Hence, in conclusion, the therapeutic surgical strategy used in the reported case represents a good and promising approach. In fact, only the morphological analysis of metastatic renal deposits addressed the correct investigative approach concerning the primary neoplastic origin from the thyroid. After the cytological diagnostic validation, total thyroidectomy with regional lymph node dissection appears to be the most appropriate treatment, followed by radioablative therapy to remove potential residual disease or metastases. Finally, when neoplastic renal mass of unidentified origin is revealed in patients with unspecific symptoms, the presence of occult undiagnosed thyroid carcinoma should be considered.


Not applicable.


No funding was received.

Availability of data and materials

The datasets used and/or analyzed during the present study are available from the corresponding author on reasonable request.

Authors' contributions

AI and GT designed the study and wrote the manuscript. GA, AP, VF and GD performed the surgical procedures. AI, GF and GT performed the morphology. AI, GF and GT wrote the manuscript. All the authors read and approved the final manuscript.

Ethics approval and consent to participate

Not applicable.

Patient consent for publication

Written informed consent was obtained from the patient for publication of this case report.

Competing interests

The authors declare that they have no competing interests.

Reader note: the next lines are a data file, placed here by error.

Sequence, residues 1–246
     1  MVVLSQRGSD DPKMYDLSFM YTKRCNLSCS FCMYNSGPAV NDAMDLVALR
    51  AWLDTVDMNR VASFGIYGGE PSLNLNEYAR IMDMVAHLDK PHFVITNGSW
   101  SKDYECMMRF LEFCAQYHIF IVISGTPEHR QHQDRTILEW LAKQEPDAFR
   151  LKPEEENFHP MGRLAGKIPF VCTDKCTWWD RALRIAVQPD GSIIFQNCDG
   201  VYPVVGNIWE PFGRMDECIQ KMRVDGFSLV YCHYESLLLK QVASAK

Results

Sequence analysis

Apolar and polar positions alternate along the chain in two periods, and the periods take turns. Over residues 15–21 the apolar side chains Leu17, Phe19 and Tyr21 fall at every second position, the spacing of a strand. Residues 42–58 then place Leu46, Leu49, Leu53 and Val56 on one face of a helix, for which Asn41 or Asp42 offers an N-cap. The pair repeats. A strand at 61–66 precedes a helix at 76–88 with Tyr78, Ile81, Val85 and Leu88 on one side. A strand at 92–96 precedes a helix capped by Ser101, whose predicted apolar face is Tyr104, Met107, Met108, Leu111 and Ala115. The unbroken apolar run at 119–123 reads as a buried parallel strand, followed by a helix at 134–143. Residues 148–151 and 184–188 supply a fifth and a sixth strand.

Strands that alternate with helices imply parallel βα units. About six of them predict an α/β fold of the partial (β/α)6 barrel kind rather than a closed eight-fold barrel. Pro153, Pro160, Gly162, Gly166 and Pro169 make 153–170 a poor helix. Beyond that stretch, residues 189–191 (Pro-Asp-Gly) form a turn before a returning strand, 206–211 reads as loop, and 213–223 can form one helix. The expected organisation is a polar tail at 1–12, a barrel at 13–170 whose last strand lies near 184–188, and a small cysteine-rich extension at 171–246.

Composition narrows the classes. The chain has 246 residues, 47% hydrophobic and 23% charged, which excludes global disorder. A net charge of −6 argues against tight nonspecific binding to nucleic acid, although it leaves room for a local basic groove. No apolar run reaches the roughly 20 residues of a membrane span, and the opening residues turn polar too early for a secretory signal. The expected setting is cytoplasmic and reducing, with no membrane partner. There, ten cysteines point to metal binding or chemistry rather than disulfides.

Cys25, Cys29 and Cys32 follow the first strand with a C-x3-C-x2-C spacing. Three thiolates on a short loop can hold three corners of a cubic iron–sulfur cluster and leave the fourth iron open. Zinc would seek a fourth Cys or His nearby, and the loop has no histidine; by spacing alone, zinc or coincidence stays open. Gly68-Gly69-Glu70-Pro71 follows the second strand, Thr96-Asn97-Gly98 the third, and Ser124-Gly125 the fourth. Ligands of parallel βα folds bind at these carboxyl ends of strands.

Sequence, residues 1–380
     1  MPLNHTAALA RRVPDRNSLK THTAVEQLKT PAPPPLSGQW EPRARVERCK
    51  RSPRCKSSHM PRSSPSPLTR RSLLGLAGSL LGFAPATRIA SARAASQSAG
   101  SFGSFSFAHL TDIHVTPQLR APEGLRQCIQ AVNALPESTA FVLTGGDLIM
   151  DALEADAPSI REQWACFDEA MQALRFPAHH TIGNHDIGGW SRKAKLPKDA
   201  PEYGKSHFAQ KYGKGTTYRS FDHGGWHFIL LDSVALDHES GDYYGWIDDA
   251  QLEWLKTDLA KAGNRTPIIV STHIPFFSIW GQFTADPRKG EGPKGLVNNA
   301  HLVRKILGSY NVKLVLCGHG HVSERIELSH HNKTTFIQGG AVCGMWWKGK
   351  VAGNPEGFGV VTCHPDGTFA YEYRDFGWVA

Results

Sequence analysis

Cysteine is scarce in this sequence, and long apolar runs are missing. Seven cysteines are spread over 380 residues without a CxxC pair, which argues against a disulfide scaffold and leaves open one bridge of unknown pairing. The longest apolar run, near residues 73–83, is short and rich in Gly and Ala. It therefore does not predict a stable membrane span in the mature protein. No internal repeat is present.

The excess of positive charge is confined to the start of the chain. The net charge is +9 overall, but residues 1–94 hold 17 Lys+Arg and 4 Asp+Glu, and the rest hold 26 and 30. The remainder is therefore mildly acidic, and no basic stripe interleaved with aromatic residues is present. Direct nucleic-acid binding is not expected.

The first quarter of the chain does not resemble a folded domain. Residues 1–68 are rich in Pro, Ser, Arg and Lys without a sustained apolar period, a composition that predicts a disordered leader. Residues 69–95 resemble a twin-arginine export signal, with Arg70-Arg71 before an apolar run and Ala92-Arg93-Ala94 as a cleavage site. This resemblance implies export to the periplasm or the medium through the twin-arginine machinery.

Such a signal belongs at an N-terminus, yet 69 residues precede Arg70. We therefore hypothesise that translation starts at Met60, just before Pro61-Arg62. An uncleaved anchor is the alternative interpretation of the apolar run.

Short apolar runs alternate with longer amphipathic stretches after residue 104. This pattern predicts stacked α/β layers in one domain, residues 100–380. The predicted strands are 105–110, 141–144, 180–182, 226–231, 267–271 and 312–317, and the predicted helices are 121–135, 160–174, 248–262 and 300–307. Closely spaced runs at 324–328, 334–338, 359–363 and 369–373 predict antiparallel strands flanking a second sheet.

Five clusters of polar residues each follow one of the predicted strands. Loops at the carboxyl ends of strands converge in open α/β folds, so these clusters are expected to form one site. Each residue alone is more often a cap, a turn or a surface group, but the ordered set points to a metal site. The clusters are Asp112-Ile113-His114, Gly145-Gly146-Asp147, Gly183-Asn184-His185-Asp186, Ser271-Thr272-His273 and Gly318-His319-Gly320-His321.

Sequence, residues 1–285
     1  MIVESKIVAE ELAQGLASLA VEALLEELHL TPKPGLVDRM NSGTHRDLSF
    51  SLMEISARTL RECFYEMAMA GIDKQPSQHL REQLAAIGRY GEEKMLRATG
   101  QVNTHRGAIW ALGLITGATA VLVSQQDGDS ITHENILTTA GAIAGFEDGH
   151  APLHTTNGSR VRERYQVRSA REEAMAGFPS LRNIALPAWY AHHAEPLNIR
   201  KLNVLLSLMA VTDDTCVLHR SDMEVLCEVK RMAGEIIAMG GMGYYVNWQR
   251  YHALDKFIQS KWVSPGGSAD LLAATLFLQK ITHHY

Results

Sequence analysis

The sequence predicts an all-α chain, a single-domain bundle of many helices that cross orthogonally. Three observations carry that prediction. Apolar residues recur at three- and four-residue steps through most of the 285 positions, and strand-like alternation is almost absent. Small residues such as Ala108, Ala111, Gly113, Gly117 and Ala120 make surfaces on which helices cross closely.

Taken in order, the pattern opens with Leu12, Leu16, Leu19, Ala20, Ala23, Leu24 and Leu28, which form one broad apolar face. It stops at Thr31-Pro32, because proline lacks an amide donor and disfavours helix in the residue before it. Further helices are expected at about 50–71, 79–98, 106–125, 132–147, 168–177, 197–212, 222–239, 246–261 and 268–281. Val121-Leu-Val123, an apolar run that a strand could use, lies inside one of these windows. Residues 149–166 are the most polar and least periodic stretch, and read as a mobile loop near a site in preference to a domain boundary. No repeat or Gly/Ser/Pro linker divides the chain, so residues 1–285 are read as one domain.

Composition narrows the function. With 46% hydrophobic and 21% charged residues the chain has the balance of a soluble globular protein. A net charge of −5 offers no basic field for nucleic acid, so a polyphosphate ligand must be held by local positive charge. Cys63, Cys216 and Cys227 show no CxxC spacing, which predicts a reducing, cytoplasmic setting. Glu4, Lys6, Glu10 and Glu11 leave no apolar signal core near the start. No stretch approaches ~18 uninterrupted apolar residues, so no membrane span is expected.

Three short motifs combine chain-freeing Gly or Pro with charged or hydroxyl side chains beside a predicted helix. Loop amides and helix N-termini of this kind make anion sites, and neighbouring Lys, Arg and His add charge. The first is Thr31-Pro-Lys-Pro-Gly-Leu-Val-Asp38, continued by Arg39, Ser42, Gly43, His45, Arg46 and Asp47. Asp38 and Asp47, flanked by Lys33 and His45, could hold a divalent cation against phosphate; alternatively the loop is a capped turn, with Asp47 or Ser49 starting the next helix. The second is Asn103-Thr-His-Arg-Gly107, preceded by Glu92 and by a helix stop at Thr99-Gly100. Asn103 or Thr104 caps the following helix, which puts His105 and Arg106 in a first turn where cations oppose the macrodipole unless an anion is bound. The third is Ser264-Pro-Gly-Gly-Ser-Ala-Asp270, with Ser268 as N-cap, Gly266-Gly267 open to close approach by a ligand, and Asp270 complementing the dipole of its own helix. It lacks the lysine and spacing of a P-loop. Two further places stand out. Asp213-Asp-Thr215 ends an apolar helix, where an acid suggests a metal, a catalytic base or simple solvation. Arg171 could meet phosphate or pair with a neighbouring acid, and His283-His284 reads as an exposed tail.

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Ieni A, Fadda G, Alario G, Pino A, Ficarra V, Dionigi G and Tuccari G: Metastatic thyroid carcinoma mimicking as a primary neoplasia of the kidney: A case report. Mol Clin Oncol 15: 268, 2021
Ieni, A., Fadda, G., Alario, G., Pino, A., Ficarra, V., Dionigi, G., & Tuccari, G. (2021). Metastatic thyroid carcinoma mimicking as a primary neoplasia of the kidney: A case report. Molecular and Clinical Oncology, 15, 268.
Ieni, A., Fadda, G., Alario, G., Pino, A., Ficarra, V., Dionigi, G., Tuccari, G."Metastatic thyroid carcinoma mimicking as a primary neoplasia of the kidney: A case report". Molecular and Clinical Oncology 15.6 (2021): 268.
Ieni, A., Fadda, G., Alario, G., Pino, A., Ficarra, V., Dionigi, G., Tuccari, G."Metastatic thyroid carcinoma mimicking as a primary neoplasia of the kidney: A case report". Molecular and Clinical Oncology 15, no. 6 (2021): 268.